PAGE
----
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Deserted battlefield

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posted by Peter Kittsteiner alias Silanov on Tuesday 16th of November 2021 04:47:08 AM

The Château du Champ-de-Bataille, seen from its extensive gardens, Sainte-Opportune-du-Bosc, Normandy, France Some background information: The Château du Champ-de-Bataille (in English: "Palace on the battlefield") is a palace in the French department of Eure within the region of Normandy in Northern France. Before the regions of Upper and Lower Normandy were merged in 2016 becoming one region, the stately home belonged to the region of Upper Normandy (in French: "Haute-Normandie"). The palace lies between the little town of Le Neubourg and the village of Sainte-Opportune-du-Bosc on the municipal territory of Sainte-Opportune-du-Bosc. The landscape where it is located, is named "Campagne du Neubourg", a level country bordered by the rivers Iton to the east and Risle to the west. The Château du Champ-de-Bataille is also situated about 35 km (22 miles) to the southwest of the city of Rouen, about 55 km (34 miles) to the southeast of the city of Le Havre and about 130 km (81 miles) to the northwest of the French capital Paris. in 1952, parts of the estate were listed as a French national historic monument ("monument historique"), in 1971, even more parts were added and since 1995, the whole site has landmark status. Some sources claim that the palace was named after the Battle of Sainte-Opportune-du-Bosc, in which the troops of William Longsword, then ruler of the Normandy, allegedly fought against the army of Robert II (also known as "Robert the Dane"), archbishop of Rouen and Earl of Évreux. However, as the battle is dated to the year 935 and Robert the Dane died not before 1037, others believe that the Battle of Sainte-Opportune-du-Bosc is just a legend. Instead they assume that the first owner of this site was a nobleman named Bataille. Historically confirmed is the year of the château’s start of construction, 1653. Two years before, Alexandre, Earl of Créquy-Bernieulle, was sentenced to exile in the countryside. He was lucky not to have been sentenced to death, as he was a member of the rebels during the so-called Fronde. The Fronde was a series of civil wars that took place between 1648 and 1653. During the Fronde, Alexandre de Créquy was imprisoned and banned, while the insurrection against the royal absolutism the young king Louis XIV and his loyal chief minister Cardinal Mazarin was defeated. De Créquy had no other chance but to resign to his fate and hence, decided to erect a palace in his rural exile, which reminded him of the splendour of the royal court and also allowed him to demonstrate his power. Construction started in 1653 and was finished in 1665. To realise his dream, he engaged the renowned architect Louis le Vau, who was also involved in the construction of the royal Château de Versailles. The palace’s impressive inner courtyard as well as its classic lines and perfect proportions make it a unique example of the baroque architecture of its day. After de Créquy’s death, his nephew Gabriel-René, Marquis of Mailloc, inherited the mansion. In 1720, he married Claude-Lydie d’Harcourt, but already died four years later. After his death, the Château du Champ-de-Bataille came into possession of his wife’s family. Soon afterwards, it was inhabited by Anne-François d’Harcourt, Duke of Beuvron. During the French Revolution, the palace was plundered. In 1802, it was still in possession of the family d’Harcourt, but when it was offered the British merchant Thomas Thornton, he answered that despite the Château du Champ-de-Bataille is still beautiful, it has no central water supply and that’s why he has to decline with thanks. In 1805, it was sold anyway, but rebought by the Earl of Harcourt in 1903. In 1936, it was sold again and utilised as an orphanage. During World War II, it was first occupied by British troops and then by German troops. After the liberation of France the palace served as a prisoner of war camp. In 1948, the family d’Harcourt rebought the château once again and in 1966, the family celebrated its millenary anniversary in its stately home. 1992 was another important year in the history of the Château du Champ-de-Bataille, because in that year the palace was bought by the French architect, interior and garden designer Jacques Garcia. He carried out large-scale renovations and restored its former 18th century splendour. But he also attended to the meanwhile ragged gardens and recreated the large French formal gardens in all their glory. Garcia was inspired by sketches of the original gardens, long vanished, which showed the placement of the great terrace, the broderies and bosquets, and the proportions of the squares of Apollo and Diana. These features were scrupulously reproduced, while the new features of the garden took their "measure and tone" from the original model. Today, the garden is listed by the French Ministry of Culture as one of the Notable Gardens of France ("Jardin remarquable"). Both gardens and palace can be visited (if current corona regulations allow it).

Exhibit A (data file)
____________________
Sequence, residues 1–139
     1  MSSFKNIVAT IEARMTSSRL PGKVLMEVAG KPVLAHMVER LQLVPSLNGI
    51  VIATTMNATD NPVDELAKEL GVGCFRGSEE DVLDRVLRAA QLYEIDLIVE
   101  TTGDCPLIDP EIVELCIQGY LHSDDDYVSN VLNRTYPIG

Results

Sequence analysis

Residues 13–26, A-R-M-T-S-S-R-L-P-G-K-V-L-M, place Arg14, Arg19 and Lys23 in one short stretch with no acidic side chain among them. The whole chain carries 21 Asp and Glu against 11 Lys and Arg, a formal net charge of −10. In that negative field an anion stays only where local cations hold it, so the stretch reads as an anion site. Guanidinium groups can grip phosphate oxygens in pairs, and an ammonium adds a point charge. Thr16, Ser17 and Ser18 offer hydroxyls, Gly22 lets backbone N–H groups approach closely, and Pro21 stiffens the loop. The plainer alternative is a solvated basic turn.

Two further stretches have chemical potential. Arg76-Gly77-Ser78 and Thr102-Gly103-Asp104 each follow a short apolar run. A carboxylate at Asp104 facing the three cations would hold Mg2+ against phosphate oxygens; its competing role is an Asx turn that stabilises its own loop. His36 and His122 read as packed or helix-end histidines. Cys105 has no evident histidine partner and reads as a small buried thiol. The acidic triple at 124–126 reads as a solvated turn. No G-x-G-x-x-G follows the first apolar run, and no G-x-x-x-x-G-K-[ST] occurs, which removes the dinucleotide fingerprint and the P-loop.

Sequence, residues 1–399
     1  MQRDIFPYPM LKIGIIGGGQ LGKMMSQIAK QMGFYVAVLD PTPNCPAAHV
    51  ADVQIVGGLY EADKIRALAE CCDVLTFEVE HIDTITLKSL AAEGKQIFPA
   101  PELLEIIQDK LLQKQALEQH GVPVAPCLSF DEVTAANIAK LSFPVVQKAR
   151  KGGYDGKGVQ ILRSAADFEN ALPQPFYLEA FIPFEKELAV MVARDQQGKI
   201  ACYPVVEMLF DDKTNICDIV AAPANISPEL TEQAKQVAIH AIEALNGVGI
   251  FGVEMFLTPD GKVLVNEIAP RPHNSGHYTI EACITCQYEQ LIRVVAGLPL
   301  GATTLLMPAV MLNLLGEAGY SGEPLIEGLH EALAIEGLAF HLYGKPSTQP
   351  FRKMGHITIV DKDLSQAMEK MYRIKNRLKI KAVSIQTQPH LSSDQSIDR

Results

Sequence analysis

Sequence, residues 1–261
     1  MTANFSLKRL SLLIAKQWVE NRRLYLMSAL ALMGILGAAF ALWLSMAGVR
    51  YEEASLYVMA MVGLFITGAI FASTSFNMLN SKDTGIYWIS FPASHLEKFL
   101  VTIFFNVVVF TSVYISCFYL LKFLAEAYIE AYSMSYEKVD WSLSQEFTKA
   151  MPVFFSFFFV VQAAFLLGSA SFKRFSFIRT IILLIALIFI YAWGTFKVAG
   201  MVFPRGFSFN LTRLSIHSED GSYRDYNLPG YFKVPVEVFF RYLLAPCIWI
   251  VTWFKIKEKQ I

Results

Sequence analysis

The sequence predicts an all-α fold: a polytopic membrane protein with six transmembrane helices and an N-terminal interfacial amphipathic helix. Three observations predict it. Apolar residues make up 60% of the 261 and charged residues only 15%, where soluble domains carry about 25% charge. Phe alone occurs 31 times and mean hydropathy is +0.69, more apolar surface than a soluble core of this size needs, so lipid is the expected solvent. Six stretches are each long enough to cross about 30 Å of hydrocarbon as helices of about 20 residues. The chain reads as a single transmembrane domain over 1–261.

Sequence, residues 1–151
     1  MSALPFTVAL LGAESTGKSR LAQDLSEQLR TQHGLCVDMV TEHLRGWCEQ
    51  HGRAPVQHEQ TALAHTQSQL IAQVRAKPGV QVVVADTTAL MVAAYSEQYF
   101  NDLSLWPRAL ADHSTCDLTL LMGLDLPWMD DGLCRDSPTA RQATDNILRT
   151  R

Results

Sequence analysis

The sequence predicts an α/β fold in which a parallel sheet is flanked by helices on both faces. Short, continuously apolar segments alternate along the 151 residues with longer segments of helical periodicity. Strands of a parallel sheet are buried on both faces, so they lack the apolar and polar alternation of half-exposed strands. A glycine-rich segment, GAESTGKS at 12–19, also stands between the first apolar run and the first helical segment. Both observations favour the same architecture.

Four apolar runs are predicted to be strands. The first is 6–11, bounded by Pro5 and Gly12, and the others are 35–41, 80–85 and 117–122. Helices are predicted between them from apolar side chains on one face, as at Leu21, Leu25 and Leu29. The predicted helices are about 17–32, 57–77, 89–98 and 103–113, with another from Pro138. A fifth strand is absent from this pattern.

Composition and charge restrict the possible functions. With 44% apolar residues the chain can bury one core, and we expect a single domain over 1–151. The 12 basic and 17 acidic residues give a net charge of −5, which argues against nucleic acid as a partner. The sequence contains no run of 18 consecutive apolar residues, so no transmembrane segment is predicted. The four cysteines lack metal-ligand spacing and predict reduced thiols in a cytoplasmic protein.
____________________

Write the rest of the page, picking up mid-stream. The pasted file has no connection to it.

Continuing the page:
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  • Published 05.25.22
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